Elderly Man With Hypothermia

January 1, 2007

On a warm August day, a 79-year-old man is hospitalized because of progressive lethargy over the past week. Previously, he was alert and able to converse. He has no chest pain, dyspnea, or cough. His history includes hypertension of unknown duration, chronic obstructive pulmonary disease, and a recent hospitalization for pneumonia.

On a warm August day, a 79-year-old man is hospitalized because of progressive lethargy over the past week. Previously, he was alert and able to converse. He has no chest pain, dyspnea, or cough. His history includes hypertension of unknown duration, chronic obstructive pulmonary disease, and a recent hospitalization for pneumonia.

Blood pressure is 80/60 mm Hg; heart rate, 46 beats per minute; respiration rate, 28 breaths per minute; oxygen saturation, 96% while breathing 2.5 L of oxygen via a nasal cannula; and temperature, 31°C (88°F). Oral mucosa and skin are dry. Jugular veins are nondistended and carotid bruits are absent. S1 and S2 are distinct, without murmurs, gallops, or friction rubs. Point of maximal impulse is not displaced. Scattered rhonchi are noted over both lung bases. The abdomen is soft and nontender. There is no pedal edema.

The patient opens his eyes spontaneously on occasion and moans but does not move purposefully. He withdraws his extremities from painful stimuli. Babinski reflexes are absent.

The blood urea nitrogen/creatinine ratio is elevated; other laboratory results are normal. A chest radiograph shows no active disease. A CT scan of the head reveals no acute hemorrhagic or ischemic event.

Figure 1

The ECG shows a prominent QRS voltage in the left precordial leads, which suggests left ventricular hypertrophy. However, on closer observation, there is an extra positive deflection between the terminal portion of the QRS complex and the beginning of the ST segment (Figure 1). These prominent deflections, most clearly visible in the precordial leads V3 to V6, are Osborn or "J" waves. They are the classic ECG finding in hypothermia. Sometimes referred to as a "camel's hump," Osborn waves probably represent intraventricular conduction delay. They are present in about 80% of patients with core temperatures of less than 35.5°C (96°F).1

Figure 2

Figure 3

ECGs obtained on the second (Figure 2) and sixth (Figure 3) hospital days--after the patient's temperature rose to 33.3°C (92°F) and 35.5 (96°F), respectively--display progressive resolution of the Osborn waves. Amplitudes of Osborn waves are inversely proportional to body temperature.2

HYPOTHERMIA: AN OVERVIEW
Hypothermia--defined as a core body temperature of less than 35°C (95°F)--claims about 600 lives every year in the United States.3,4 Certain populations (eg, alcoholics,drug users, elderly persons, homeless persons, chronically ill patients, and those with preexisting heart disease) are at increased risk for death from hypothermia.4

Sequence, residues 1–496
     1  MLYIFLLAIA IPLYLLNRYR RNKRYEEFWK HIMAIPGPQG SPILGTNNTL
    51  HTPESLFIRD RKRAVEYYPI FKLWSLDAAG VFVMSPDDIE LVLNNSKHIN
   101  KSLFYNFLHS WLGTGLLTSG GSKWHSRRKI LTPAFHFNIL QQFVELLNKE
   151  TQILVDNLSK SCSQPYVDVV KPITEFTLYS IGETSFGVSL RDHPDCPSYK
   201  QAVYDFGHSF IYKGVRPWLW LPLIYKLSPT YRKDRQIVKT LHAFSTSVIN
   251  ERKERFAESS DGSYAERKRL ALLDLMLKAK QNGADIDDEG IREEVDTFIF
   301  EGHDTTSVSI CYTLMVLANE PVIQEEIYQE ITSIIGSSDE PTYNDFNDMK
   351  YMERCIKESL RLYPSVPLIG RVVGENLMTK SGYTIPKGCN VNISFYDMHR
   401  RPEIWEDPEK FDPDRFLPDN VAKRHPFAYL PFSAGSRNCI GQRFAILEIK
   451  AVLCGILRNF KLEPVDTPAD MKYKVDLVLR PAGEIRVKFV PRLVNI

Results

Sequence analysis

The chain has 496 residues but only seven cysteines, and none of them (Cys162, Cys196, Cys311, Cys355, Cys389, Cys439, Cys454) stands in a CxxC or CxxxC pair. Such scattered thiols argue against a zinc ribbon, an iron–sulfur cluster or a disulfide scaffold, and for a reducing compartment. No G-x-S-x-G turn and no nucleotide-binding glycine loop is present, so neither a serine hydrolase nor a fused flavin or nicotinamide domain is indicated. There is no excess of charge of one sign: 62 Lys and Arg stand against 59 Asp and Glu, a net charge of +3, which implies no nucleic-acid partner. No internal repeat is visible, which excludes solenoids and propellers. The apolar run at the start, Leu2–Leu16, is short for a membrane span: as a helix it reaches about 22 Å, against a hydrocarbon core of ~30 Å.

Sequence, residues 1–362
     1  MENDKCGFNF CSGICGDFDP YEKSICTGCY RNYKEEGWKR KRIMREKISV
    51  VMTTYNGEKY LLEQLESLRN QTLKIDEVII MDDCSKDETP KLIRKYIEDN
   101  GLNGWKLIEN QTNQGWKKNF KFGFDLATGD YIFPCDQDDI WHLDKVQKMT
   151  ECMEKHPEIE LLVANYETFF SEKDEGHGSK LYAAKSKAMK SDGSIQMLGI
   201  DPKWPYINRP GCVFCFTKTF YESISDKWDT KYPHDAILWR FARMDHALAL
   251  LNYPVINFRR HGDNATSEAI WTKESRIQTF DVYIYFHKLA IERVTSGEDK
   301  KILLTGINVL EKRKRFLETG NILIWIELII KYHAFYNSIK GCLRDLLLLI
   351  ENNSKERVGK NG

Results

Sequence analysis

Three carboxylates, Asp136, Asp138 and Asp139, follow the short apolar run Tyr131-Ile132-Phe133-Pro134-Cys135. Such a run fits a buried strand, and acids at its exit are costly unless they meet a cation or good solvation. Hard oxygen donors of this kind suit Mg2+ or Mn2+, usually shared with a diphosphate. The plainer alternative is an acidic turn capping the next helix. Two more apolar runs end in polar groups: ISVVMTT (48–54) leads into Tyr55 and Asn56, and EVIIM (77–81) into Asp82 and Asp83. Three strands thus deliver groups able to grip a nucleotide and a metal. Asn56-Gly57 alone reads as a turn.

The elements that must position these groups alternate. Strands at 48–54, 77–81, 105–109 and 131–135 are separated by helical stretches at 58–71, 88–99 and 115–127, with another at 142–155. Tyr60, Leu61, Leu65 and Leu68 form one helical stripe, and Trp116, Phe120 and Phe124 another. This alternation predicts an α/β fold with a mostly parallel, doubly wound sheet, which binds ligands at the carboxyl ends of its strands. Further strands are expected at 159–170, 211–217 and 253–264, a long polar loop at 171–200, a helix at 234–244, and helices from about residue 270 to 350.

This case was interesting because it occurred in the summer. Most cases of hypothermia are caused by prolonged exposure to cold and are reported during the winter and in cold regions. Other causes of hypothermia include endocrine-related diseases, such as hypothyroidism, hypopituitarism, adrenal insufficiency, and hypoglycemia; neuromuscular disease; malnutrition; drugs (notably neuroleptic and general anesthetic agents); and sepsis--which was the presumed cause in this patient. The sepsis was related to his previous hospitalization for pneumonia.

Results of a thyroid-stimulating hormone test and dexamethasone suppression test ruled out hypothyroidism and adrenal insufficiency; there was no documented hypoglycemia. Results of a urinalysis, cerebrospinal fluid analysis, blood and urine cultures, and chest CT scan were all unremarkable.

ECG FINDINGS IN HYPOTHERMIA
ECG features of hypothermia may vary according to the degree of core temperature decline.1 In mild hypothermia (32.2°C to 35°C [90°F to 95°F]), tachycardia may be observed secondary to sympathetic stimulation. As the core temperature approaches 28°C to 32.2°C [82.4°F to 90°F] (moderate hypothermia), sinus bradycardia, QT prolongation, junctional rhythm, atrial fibrillation with a slow ventricular response,5 T-wave abnormalities, and prolongation of the PR interval are common. Sinus bradycardia and QT prolongation may be gleaned from this patient's initial ECG (see Figure 1), as well as marked baseline interference. These rapid, intermittent signals reflected in the isoelectric line of the ECG are produced by muscle tremors from shivering. In one study, the ability to mount this shivering artifact was associated with improved survival.6

In severe hypothermia (less than 28°C [82.4°F]), asystole or ventricular fibrillation may occur. These characteristic ECG features are believed to result from slowed impulse conduction through potassium channels.

OUTCOME OF THIS CASE
Initial management included active, external rewarming with warm blankets and warm intravenous fluids. The patient was also given broad-spectrum antibiotic therapy, and he was closely monitored in the ICU. His level of consciousness gradually increased as his temperature returned to normal.

References:

REFERENCES:
1. Alsafwah S. Electrocardiographic changes in hypothermia. Heart Lung. 2001;30:161-163.
2. Patel A, Getsos JP, Moussa G, Damato AN. The Osborn wave of hypothermia in normothermic patients. Clin Cardiol. 1994;17:273-276.3. Danzl DF, Pozos RS. Accidental hypothermia. N Engl J Med. 1994;331:1756-1760.
4. Centers for Disease Control and Prevention. Hypothermia-related deaths--United States, 2003. MMWR. 2004;53:172-173.
5. Mattu A, Brady WJ, Perron AD. Electrocardiographic manifestations of hypothermia. Am J Emerg Med. 2002;20:314-326.
6. Graham CA, McNaughton GW, Wyatt JP. The electrocardiogram in hypothermia. Wilderness Environ Med. 2001;12:232-235.